SYCAMORE – Ken Tonaki has worked as a music teacher for Sycamore School District 427 for more than 20 years and has been a resident for about a decade, so he frequently commutes through the Peace Road and Route 64 intersection.
Tonaki, 45, said he has never been in a crash at that intersection himself, but whether it’s that intersection or Peace Road and Route 23, he regularly sees emergency vehicles at either spot.
“It’s unusually high, the accident rate that I’ve observed over time,” Tonaki said.
Safety improvements are coming to the Peace and Route 64 intersection in the next year or so, if everything goes as planned, according to the DeKalb County Highway Department. Those improvements include wider turn lanes, widening Peace Road for 2,000 feet north and for 1,000 feet south of Route 64, so cars can merge farther from the intersection, and offsetting left-turn lanes by several feet so that cars across the intersection on Peace Road can see around each other more easily.
Nathan Schwartz, highway engineer for the county, said preliminary engineering planning for the project – which the DeKalb County Board approved $210,762.45 in funding for during its
May 16 meeting – will begin soon and will go until December. He said the hope is to have bids go out for the project next spring, after the preliminary engineering, and to begin construction next summer or fall.
Abby Mungai, 23, of DeKalb said her vehicle was rear-ended at Peace and Route 64 in 2013 as she was slowing down at the red light going south on Peace. She said she didn’t think the crash happened because of that intersection specifically, but it’s one of the larger and busier intersections in the county, and she could see how a lot of crashes could happen there, especially with people speeding either way on Peace.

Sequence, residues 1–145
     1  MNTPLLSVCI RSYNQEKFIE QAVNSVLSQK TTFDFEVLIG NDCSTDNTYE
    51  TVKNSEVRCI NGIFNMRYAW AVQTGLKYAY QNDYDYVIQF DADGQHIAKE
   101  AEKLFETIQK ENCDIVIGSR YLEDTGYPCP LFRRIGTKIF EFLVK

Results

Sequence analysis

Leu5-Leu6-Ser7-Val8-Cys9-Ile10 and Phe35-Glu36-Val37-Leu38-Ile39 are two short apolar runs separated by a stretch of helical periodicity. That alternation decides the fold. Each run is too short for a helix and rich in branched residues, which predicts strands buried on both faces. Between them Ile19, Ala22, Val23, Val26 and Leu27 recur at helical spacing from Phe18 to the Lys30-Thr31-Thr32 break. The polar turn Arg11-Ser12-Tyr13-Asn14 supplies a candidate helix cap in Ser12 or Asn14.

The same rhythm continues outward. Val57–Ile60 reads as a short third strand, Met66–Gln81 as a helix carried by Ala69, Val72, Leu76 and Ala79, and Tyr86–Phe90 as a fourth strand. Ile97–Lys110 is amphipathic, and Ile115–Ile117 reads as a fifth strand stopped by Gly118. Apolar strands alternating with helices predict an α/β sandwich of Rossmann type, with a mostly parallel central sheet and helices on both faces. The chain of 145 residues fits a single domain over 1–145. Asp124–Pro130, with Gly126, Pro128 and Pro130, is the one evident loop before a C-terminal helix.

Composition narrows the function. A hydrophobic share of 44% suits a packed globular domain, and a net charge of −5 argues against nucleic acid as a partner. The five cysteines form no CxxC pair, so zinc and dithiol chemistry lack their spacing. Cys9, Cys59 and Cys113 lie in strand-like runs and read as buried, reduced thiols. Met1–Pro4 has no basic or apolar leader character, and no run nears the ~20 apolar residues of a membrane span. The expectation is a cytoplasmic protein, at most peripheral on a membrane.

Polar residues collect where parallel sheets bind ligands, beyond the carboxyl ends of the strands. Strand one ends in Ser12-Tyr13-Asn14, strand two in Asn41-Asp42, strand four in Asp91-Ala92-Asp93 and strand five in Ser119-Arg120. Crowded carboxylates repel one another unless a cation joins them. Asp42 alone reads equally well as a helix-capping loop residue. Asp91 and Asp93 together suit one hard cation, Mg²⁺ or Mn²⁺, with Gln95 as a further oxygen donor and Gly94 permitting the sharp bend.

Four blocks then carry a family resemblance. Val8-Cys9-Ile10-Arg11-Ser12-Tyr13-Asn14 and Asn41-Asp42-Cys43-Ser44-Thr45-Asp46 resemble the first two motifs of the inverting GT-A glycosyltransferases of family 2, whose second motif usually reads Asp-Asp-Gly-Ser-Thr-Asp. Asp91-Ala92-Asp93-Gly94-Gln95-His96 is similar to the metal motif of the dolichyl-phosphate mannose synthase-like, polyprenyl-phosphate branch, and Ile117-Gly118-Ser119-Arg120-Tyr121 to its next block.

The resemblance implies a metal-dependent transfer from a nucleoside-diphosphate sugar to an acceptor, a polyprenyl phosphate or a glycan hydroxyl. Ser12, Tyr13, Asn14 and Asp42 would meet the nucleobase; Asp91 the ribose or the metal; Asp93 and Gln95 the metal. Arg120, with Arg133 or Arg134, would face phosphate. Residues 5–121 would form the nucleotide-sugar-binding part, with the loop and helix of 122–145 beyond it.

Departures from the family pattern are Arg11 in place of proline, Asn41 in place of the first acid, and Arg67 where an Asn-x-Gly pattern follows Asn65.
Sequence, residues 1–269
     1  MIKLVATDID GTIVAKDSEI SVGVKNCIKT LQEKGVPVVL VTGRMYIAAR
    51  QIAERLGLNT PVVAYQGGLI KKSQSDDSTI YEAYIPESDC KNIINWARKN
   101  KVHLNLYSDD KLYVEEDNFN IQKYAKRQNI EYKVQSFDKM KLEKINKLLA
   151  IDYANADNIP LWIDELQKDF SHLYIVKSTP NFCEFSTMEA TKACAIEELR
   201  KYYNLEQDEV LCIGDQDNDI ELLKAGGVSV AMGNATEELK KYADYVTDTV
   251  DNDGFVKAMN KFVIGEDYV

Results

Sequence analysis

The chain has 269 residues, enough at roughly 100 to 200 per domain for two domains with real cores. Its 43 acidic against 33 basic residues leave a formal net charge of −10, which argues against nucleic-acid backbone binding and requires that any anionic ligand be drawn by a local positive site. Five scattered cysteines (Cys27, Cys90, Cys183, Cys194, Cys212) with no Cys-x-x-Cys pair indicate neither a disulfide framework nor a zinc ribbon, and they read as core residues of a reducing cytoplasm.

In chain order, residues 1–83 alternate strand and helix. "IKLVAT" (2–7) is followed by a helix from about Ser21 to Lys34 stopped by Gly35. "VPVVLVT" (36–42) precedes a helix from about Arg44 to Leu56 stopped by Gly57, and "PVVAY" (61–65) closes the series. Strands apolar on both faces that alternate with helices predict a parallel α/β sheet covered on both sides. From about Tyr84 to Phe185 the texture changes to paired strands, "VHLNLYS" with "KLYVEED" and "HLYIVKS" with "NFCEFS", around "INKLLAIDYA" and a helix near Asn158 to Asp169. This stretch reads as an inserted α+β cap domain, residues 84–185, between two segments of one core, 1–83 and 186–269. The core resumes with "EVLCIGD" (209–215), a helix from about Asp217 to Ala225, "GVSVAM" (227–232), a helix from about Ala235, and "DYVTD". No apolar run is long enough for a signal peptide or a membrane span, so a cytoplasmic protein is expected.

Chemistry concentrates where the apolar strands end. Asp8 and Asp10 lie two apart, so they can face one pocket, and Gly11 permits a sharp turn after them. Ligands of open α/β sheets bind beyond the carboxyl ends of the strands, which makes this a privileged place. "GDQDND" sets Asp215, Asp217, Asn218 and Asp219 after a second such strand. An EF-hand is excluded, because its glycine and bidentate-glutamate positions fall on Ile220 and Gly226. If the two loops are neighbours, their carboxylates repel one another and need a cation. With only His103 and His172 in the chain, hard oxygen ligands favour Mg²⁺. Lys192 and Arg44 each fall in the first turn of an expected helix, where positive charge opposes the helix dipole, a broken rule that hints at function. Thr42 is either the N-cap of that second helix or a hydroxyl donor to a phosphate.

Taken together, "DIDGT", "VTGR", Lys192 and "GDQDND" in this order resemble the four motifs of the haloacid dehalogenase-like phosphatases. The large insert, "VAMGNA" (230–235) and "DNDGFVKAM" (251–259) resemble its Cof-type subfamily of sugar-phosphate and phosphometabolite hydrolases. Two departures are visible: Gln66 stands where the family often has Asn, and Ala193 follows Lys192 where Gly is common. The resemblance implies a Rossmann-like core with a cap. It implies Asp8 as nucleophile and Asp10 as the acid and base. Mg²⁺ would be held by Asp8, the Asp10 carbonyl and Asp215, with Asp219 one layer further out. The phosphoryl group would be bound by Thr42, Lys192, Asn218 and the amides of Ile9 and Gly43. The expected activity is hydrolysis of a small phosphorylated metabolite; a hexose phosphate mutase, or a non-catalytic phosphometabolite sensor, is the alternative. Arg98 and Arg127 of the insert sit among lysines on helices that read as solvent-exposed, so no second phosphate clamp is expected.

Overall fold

“That makes sense,” Mungai said. “I see a lot of cars on the side of the road there [along Peace] in general.”
Schwartz said safety improvements to the intersection have been on the county’s radar for a while, because of the number of crashes that happen there. He said there were more than 140 crashes, one of them fatal, from 2010 to 2014 at Peace and 64, according to data the county provided two years ago when it submitted the federal grant request for the $2.1 million project.
During any five-year period, Schwartz said, about 49 million vehicles drive through the intersection on average. Of the more than 140 crashes that happened at the intersection, most are rear-end collisions and a few have caused serious or fatal injuries, he said.
“The numbers are relatively small, but if it’s you or your loved one in a crash, it’s a serious issue,” Schwartz said.
DeKalb County Sheriff’s Chief Deputy Andy Sullivan said there have been 143 crashes at the intersection from 2013 to 2017. The high-water mark came in 2016, when there were 45 crashes, according to the data.
The 2017 number showed a decline to 38 crashes, but that was still more than three times the 12 crashes that occurred in 2013 and ’14.
Sullivan said the primary causes for crashes at Route 64 and Peace are common – speeding and following too closely. He said if people are more aware of their driving, slow down and plan their trips accordingly, that could reduce crashes.
Sullivan said the planned intersection improvements will benefit the community overall and hopefully will help make the intersection less congested. He said he looks forward to anything the highway department can do to reduce the number of crashes as well.
“If he can make it safer, that’s wonderful,” Sullivan said.
Although big changes to the intersection are planned for 2019, Schwartz said, the county already has made smaller changes to alleviate congestion, such as shorter traffic signal cycles. He said smaller changes that might have gone unnoticed over the years have helped. He recalled cars backing up to the Kishwaukee River bridge on a somewhat regular basis in 2012 and 2013.
“There are always little things going on, and sometimes you may not notice it, but we do strive to address safety throughout the county on all of our roads,” Schwartz said.